Accord on revised Pacific Rim trade pact stalled

Leaders and their spouses pose for a family photo ahead of the Asia-Pacific Economic Cooperation (APEC) Summit leaders gala dinner in the central Vietnamese city of Danang on November 10, 2017. (AFP / Vietnam News Agency)
Updated 10 November 2017
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Accord on revised Pacific Rim trade pact stalled

DANANG, Vietnam: Talks on a Pacific Rim trade pact abandoned by US President Donald Trump appeared to have stalled Friday as Canada balked at a basic agreement worked out in ministerial-level talks hours before.
Trump pulled out of the Trans-Pacific Partnership in January. Leaders of the 11 countries remaining in the TPP had been due to meet and endorse a deal worked out in last-minute talks overnight.
Japanese Prime Minister Shinzo Abe said Friday that the 11 leaders had to postpone their meeting on the sidelines of the annual summit of the Asia-Pacific Economic Cooperation forum in Danang, Vietnam.
“It was said that it is not at a stage where (the agreement) can be confirmed at the summit level,” said Abe, who was to co-chair the meeting. He made the comments to Japanese reporters after meeting with his Canadian counterpart, Justin Trudeau, who stayed away from the planned TPP leaders’ gathering while most other leaders showed up.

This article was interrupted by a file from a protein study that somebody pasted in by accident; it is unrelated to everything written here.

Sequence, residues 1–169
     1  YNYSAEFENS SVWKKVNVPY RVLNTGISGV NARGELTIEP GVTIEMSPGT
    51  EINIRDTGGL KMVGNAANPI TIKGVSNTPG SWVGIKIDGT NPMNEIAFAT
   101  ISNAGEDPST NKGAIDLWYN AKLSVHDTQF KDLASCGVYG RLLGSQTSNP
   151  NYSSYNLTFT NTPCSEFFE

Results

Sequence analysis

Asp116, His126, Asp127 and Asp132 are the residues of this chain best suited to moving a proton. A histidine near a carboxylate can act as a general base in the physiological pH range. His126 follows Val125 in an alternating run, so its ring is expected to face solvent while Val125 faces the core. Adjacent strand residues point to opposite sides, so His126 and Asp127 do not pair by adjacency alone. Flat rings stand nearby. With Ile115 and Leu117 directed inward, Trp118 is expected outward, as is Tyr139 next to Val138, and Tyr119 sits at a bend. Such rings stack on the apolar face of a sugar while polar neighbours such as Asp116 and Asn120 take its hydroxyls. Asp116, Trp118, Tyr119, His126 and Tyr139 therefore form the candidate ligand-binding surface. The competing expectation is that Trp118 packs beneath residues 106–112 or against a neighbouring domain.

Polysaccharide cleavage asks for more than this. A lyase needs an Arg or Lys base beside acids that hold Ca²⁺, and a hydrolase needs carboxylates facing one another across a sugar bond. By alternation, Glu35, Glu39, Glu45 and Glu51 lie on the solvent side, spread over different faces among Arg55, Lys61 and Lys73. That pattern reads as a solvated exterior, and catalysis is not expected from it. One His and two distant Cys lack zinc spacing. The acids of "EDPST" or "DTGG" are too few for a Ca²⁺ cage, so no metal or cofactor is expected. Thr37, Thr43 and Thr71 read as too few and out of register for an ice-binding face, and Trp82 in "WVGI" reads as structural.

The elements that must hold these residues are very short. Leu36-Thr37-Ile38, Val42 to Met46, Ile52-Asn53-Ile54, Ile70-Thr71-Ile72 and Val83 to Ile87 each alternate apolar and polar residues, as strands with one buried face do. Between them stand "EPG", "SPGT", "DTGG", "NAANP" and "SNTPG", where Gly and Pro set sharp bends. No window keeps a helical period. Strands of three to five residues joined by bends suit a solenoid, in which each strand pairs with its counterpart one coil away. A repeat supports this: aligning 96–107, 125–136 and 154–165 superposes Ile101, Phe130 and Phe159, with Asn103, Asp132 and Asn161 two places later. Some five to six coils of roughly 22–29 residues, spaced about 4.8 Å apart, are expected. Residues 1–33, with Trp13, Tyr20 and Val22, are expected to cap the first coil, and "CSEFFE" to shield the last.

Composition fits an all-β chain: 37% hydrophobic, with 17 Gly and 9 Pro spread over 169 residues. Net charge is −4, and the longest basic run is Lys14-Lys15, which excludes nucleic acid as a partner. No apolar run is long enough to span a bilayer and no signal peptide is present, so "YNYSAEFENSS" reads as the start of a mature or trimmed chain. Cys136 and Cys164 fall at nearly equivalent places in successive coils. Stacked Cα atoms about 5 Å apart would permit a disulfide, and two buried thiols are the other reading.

There was no immediate word from Canada on its stance. However, Trudeau had said days earlier that Canada would not be rushed into an agreement.
The chances for a deal by the time the summit ends on Saturday were unclear.
Earlier in the day, officials from Japan and some other countries expressed differing opinions on whether an “agreement in principle” had been reached.
The TPP member countries are trying to find a way forward without the US, the biggest economy and, before Trump took office, one of its most assertive supporters. Trump has said he prefers country-to-country deals and is seeking to renegotiate several major trade agreements to, as he says, “put America first.”
Vietnamese officials did not immediately respond to requests for comment.
Trump reiterated his markedly different stance on trade before the 21-member APEC summit convened late Friday with a gala banquet.
The US president told an APEC business conference that “We are not going to let the United States be taken advantage of anymore.” He lambasted the World Trade Organization and other trade forums as unfair to the United States and reiterated his preference for bilateral trade deals, saying “I am always going to put America first.”
Trump said he would not enter into large trade agreements, alluding to US involvement in the North American Free Trade Agreement and the TPP.
In contrast, Chinese President Xi Jinping told the same group that nations need to stay committed to economic openness or risk being left behind.
The Chinese president drew loud applause when he urged support for the “multilateral trading regime” and progress toward a free-trade zone in the Asia-Pacific.